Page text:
Medial: positive

Parents are very often ambivalent about a pregnancy ...

A biological treatment is very often effective in reducing ...

One very often films out of sequence ...

Land in Africa is very often given away to various speculators ...

Officers were very often members of the landed gentry ...

Health insurance is very often one of the last items to be ...

Well in science it very often pays to take a slightly indirect ...

Final: positive

John is kept in town very often by serious cases ...

Final: negative

She doesn't write nature poems very often ...

She did not use the telephone very often because she was deaf ...

I don't see him very often ...

Here's something you don't see very often ...

Kind of thing doesn't happen very often ...

Chance to go to Europe doesn't come around very often ...

This would seem to suggest that the pattern negated verb (+ object) + very often is preferred, which suggests why you (and I) are more comfortable with I don’t go to the cinema very often.

Now there may be a good reason for this, and it may have something to do with the end-weight principle – a tendency to place 'weightier' information at the end of the clause, and, more relevant to this example, a tendency to balance key information by placing some of it at the beginning of the clause (in this case not) and some of it at the end (very often), avoiding the middle altogether. This is designed to make it easier for the listener/reader to process the information, since it is not all compacted into one part of the sentence.

But good reasons nor not, we are dealing with probabilities rather than certainties, and a grammar of probability is less satisfying to learners, unfortunately, than a grammar of certainties, since learners tend to assume that rules should be either-or, not both-and. Doubly unfortunately, there is evidence to suggest that we can’t rely on massive exposure to sort it out for them either. Adverb placement was precisely the area that researchers of immersion English classrooms in Canada found highly resistant to exposure. These French-speaking students tended to stick with I like very much ice-cream, despite having heard very often the correct form. Despite having heard the correct form very often, I mean. Or do I?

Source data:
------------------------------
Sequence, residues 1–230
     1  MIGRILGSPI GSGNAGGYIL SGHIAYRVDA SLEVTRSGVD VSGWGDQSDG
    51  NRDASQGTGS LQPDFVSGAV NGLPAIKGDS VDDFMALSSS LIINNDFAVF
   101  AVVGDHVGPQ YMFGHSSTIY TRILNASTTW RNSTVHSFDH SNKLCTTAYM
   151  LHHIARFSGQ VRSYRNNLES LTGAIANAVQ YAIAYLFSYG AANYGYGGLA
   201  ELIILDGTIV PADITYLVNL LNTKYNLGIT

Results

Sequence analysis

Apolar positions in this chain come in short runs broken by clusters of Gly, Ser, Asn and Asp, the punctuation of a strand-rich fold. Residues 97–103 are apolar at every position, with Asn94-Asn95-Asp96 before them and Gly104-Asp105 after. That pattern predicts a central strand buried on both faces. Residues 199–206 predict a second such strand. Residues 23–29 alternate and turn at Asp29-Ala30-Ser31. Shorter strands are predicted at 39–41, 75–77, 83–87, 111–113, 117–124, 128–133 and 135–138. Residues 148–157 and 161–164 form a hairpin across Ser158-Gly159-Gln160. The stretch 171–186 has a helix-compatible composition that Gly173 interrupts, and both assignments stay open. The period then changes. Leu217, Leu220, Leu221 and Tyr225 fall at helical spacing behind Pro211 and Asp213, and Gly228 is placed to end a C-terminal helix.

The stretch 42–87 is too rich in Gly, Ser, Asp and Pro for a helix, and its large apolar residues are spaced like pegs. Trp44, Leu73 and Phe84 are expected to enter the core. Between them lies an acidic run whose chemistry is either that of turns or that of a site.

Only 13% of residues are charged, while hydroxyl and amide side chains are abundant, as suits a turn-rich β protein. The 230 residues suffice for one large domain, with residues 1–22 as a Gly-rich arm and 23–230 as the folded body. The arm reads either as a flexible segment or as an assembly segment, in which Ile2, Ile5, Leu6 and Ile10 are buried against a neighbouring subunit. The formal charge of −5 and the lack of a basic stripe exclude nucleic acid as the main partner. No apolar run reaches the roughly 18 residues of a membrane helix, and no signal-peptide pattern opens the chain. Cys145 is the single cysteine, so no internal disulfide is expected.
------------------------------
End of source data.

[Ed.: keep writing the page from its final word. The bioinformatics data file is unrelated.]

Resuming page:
Back to Ask the experts Grammar in Ask the experts

Rate this resource (4.29 average user rating)

  • 1 star out of 5
  • 2 stars out of 5
  • 3 stars out of 5
  • 4 stars out of 5
  • 5 stars out of 5

You must be signed in to rate.

  • Share

Readers' comments (2)

  • Hi Helen,

    Thanks for the feedback. Glad you found this helpful. Best of luck with your class. Do let us know how it goes.

    Best wishes,
    The onestopenglish team

    Unsuitable or offensive? Report this comment

  • Thank you for this. I am about to go through adverbs of frequency with my class, so it is good to be aware of the pitfalls, particularly as I have a mixture of pre-intermediate and much higher students. The higher level students tend to like to have black and white answers, which from your article I can see is not always possible! I tell them what I think is more common.

    Unsuitable or offensive? Report this comment

Have your say

You must sign in to make a comment

sign in register

Powered by Webstructure.NET

Access denied popup